As most investors are probably aware, integrated oil companies are struggling to grow their oil and gas production in an environment in which the so-called "easy" reserves have already been depleted or are zealously protected by foreign governments.
While the production outlook for the integrated majors as a whole is rather weak, one company is a cut above the rest: Chevron (NYSE:CVX). Let's look at the three key areas that should allow this energy giant to deliver peer-leading production growth and boost its 3.3% dividend payout over the next few years.
The Gulf of Mexico
The first key is the deepwater Gulf of Mexico, where Chevron boasts a leading position. It has already discovered some 24 billion barrels of oil equivalent, or BOE, in the Gulf, and expects to discover another 14 billion BOE in the future. With three major Gulf of Mexico projects slated to begin this year and next, the region will provide a massive boost to the company's oil production and cash flow.
These three projects -- Chevron-operated Jack/St. Malo and Big Foot and Hess-operated Tubular Bells -- will contribute over 150,000 BOE per day of net production at full capacity, more than doubling Chevron's 2012 deepwater Gulf production of 125,000 BOE per day. Assuming Gulf crude benchmark differentials don't weaken significantly, these projects should generate significant cash flow for the company.
The second key driver of Chevron's production will be its two major liquefied natural gas projects in Australia: Gorgon and Wheatstone. Gorgon, which will have a capacity of 15.6 million metric tons of LNG per year, is expected to begin shipping its first LNG cargos by mid-2015. The first LNG train at Wheatstone, which will have a production capacity of 8.9 million metric tons per year, is slated to go into service in 2016.
When operating at full capacity, the two projects will contribute roughly 400,000 barrels a day of net production. Due to the stable production profile of LNG projects, Gorgon and Wheatstone should generate a strong and stable cash flow for decades to come, while requiring very little capital investment after start-up. Indeed, Chevron views the projects as two of its most important future legacy assets.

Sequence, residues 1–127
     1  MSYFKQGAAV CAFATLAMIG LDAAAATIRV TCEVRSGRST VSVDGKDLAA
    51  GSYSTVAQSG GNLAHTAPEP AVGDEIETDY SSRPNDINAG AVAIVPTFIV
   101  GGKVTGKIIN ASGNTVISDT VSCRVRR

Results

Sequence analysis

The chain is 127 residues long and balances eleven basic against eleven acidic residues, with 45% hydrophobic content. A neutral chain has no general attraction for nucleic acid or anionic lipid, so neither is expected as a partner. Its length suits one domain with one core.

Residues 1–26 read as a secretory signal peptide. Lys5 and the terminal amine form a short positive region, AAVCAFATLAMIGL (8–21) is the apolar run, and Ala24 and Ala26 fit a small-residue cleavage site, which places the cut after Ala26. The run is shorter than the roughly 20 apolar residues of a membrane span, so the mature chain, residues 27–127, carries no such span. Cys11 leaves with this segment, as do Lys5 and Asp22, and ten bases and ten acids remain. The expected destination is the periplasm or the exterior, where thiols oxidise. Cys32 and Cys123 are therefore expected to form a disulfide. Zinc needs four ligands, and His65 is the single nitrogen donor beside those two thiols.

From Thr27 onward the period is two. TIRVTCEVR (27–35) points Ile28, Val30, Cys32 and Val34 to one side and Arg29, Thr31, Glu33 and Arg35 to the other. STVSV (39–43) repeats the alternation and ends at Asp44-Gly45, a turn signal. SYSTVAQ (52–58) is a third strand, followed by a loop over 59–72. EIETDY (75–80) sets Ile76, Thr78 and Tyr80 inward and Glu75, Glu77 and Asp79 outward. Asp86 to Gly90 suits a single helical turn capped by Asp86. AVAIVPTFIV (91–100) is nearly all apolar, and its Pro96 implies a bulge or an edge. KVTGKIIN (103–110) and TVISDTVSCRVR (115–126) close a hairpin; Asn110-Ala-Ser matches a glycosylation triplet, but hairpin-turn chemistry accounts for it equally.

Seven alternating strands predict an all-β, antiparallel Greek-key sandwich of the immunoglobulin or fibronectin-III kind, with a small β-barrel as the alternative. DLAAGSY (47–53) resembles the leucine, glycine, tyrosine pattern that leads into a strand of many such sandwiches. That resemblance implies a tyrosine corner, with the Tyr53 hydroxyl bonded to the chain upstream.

Last but not least are Chevron's shale/tight oil operations mainly in West Texas' Permian Basin and Argentina's Vaca Muerta shale. Chevron, which has emerged as the largest acreage holder in the Permian's Delaware Basin, commanding roughly 1.3 million net acres, expects to nearly double its Permian production to some 250,000 BOE per day by 2020 from 135,000 BOE per day last year.
Meanwhile, Chevron is working with state-owned YPF to develop the Vaca Muerta shale, which is believed to be one of the largest shale oil reservoirs in the world. Current gross production from Vaca Muerta is only about 15,000 BOE per day, but is expected to rise sharply in coming years. Chevron and YPF plan to drill 140 wells in the play using a 17-rig drilling program this year.
These three key growth drivers should allow Chevron to increase its production to 3.1. million BOE per day by 2017, representing a compound annual growth rate of 4%. That's notably better than the 1%-3% annual growth expected by peers such as ExxonMobil, BP, and Shell.
In addition to its stronger production growth prospects, Chevron also boasts the highest upstream price realizations per BOE in its peer group, the highest upstream return on capital employed, and the second-lowest upstream costs per BOE, thanks in part to its heavily oil- and liquids-weighted production profile, which features 80% oil-linked pricing.
Assuming oil prices remain high and Chevron can avoid further delays and cost overruns at key growth projects, it should be able to deliver above-average dividend growth roughly in line with its 11% annualized average over the past decade. Investors looking for strong, oil-levered growth would do well to take a closer look at the company.